Building Relationships (Rapport)
The goal of building relationships with our students is to use our leadership skills to motivate our students to be successful. Building relationships means that we have rapport with our students. Rapport building is not about being well liked or letting our students get by with making poor choices. Being a good leader is a balancing act between enforcing the rules and building rapport. Traditional leadership principles are based on power, having to power to influence another's behavior. However, there are different types of power. Expert power means you have knowledge the other person needs. Legitimate power means that you are in an agreed upon position that allows you to dictate what others do. Having these types of power might be necessary to enforce the rules but don't help in building rapport. Another type of power is called referent power, which means that people relate to you and trust you. Referent power is developed by listening, being respectful, and being genuine. Building rapport does not mean you can't set limits with young people but it means that you are willing to respectfully listen and be affected by what they say. Being able to assertively communicate is an important skill for a Youth Development Worker to learn. Practicing these skills will help you to earn the mutual respect that will make you an effective professional in this field.
One of the pitfalls of trying to build rapport is losing the boundary between you, as a staff person, and the youth. It can be difficult to enforce the rules after you and a student have become closer through rapport building. You may feel you are breaking the student's trust, and the student may even tell you so. However, it is respectful to set appropriate boundaries with young people to let them know what you can and can't do as a staff member. As a staff member, it's ok to listen to a young person share personal thoughts and feelings. It is even ok to genuinely share yourself as long as you are doing it to relate to build rapport. Students are not our confidants; they are not there to solve our problems. We must also remember that we are mandated reporters. If a student shares that someone is harming them, they are harming or planning to harm himself or herself or someone else, or they know someone else is being harmed it must be reported immediately. This must be done even if you've promised confidentiality. Being a professional means knowing your boundaries and not crossing them.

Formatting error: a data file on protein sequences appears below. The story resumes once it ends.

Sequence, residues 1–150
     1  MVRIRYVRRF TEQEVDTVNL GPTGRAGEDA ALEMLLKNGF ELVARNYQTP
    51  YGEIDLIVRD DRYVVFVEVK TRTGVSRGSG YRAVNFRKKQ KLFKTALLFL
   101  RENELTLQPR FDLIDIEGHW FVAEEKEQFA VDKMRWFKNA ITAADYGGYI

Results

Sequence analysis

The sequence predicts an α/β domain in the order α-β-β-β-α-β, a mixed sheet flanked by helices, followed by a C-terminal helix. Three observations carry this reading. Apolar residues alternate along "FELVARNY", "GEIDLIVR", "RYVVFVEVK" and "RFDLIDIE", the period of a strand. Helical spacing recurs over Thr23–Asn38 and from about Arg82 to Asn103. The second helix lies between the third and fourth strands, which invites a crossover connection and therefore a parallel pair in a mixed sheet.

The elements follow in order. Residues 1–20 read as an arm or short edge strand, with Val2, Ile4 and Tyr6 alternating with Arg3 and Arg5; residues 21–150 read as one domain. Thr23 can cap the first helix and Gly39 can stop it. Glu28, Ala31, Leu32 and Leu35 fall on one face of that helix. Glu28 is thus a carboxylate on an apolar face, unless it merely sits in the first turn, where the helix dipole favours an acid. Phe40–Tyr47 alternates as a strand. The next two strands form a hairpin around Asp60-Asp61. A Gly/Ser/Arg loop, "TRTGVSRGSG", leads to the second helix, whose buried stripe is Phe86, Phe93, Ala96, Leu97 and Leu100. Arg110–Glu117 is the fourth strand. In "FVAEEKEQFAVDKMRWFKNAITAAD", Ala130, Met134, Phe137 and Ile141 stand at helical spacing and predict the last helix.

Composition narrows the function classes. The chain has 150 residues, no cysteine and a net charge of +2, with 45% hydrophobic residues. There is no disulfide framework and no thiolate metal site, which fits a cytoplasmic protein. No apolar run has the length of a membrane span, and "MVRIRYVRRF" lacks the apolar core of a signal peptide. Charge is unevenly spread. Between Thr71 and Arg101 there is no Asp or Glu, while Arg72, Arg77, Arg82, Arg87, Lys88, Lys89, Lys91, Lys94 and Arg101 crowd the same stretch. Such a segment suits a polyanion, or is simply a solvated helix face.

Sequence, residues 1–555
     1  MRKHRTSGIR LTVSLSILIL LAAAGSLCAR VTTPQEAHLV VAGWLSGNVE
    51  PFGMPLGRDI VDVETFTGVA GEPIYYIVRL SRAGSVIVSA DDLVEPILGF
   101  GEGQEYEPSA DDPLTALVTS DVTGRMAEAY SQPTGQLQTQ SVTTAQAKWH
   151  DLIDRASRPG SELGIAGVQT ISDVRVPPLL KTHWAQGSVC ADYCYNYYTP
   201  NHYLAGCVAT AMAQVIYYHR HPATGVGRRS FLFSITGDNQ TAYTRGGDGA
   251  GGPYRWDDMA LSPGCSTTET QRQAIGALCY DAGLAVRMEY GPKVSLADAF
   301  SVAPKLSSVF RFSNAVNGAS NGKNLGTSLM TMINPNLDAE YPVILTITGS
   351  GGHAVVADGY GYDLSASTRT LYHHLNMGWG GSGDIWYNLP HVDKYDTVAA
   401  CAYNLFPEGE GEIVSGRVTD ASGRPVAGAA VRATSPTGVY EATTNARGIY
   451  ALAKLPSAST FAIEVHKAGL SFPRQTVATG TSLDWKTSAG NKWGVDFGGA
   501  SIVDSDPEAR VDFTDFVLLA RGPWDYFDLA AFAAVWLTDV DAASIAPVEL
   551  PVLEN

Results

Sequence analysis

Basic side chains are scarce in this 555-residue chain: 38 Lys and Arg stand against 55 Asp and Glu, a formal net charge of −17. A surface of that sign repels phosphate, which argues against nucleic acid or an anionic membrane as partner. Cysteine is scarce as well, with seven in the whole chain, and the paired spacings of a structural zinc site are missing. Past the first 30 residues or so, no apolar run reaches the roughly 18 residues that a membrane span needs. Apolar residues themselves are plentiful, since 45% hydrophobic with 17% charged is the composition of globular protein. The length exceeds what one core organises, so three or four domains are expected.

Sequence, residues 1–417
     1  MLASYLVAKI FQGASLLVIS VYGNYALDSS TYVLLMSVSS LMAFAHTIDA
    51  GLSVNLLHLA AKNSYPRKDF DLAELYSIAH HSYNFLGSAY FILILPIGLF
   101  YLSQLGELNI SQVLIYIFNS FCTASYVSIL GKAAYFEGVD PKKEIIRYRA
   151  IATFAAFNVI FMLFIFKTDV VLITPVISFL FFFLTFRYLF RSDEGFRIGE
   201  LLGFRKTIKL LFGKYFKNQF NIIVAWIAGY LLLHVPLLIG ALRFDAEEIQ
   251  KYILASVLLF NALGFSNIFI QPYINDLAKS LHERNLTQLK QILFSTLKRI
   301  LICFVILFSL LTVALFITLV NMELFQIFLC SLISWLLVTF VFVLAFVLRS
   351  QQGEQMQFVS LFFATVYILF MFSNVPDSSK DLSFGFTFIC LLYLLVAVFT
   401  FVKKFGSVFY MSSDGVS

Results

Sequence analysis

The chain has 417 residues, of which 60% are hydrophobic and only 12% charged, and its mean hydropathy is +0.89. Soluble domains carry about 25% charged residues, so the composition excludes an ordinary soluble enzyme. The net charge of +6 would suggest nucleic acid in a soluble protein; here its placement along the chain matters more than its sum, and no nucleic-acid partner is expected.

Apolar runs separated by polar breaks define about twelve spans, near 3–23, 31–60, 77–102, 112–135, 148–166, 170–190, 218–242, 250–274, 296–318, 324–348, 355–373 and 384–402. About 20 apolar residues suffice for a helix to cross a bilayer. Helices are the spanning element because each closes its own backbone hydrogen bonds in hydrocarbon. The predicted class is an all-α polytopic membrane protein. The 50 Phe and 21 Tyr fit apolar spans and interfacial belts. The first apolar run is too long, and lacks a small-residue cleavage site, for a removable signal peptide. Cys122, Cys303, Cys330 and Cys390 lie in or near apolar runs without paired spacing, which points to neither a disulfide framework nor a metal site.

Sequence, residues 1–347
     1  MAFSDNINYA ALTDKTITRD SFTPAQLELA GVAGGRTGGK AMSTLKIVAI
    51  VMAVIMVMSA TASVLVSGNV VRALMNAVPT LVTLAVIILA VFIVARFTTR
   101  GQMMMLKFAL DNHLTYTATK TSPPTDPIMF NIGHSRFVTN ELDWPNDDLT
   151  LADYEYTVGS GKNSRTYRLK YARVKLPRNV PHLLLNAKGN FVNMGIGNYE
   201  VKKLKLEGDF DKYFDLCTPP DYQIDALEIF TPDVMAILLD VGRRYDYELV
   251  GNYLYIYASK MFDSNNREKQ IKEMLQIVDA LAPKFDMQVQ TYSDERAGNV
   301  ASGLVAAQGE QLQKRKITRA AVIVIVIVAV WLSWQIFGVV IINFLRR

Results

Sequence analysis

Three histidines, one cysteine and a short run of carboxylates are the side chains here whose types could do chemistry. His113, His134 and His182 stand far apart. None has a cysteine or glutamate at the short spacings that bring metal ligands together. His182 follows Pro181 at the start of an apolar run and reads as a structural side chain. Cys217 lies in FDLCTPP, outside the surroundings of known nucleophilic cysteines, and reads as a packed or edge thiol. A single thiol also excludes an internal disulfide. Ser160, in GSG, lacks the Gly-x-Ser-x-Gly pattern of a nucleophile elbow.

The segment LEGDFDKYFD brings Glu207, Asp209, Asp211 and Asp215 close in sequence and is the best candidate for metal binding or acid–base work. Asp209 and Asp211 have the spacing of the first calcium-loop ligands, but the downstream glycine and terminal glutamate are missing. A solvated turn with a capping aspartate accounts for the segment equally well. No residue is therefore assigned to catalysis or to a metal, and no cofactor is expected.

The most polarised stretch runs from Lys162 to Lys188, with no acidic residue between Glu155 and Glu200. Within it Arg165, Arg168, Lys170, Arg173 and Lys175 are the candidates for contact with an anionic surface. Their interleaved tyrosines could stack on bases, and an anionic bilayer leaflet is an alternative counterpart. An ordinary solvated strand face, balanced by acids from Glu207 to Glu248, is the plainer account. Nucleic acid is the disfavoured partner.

Professional Development is an essential and indispensable process. It is an experience shaped by the willingness and readiness to change at a personal and programmatic level. The purpose of Professional development is to open our awareness to new ways of doing things, to build our skills, and to help improve the program overall. Some Professional Development activities are offered in-house, but it is ultimately your responsibility to continue the life-long pursuit of improving yourself.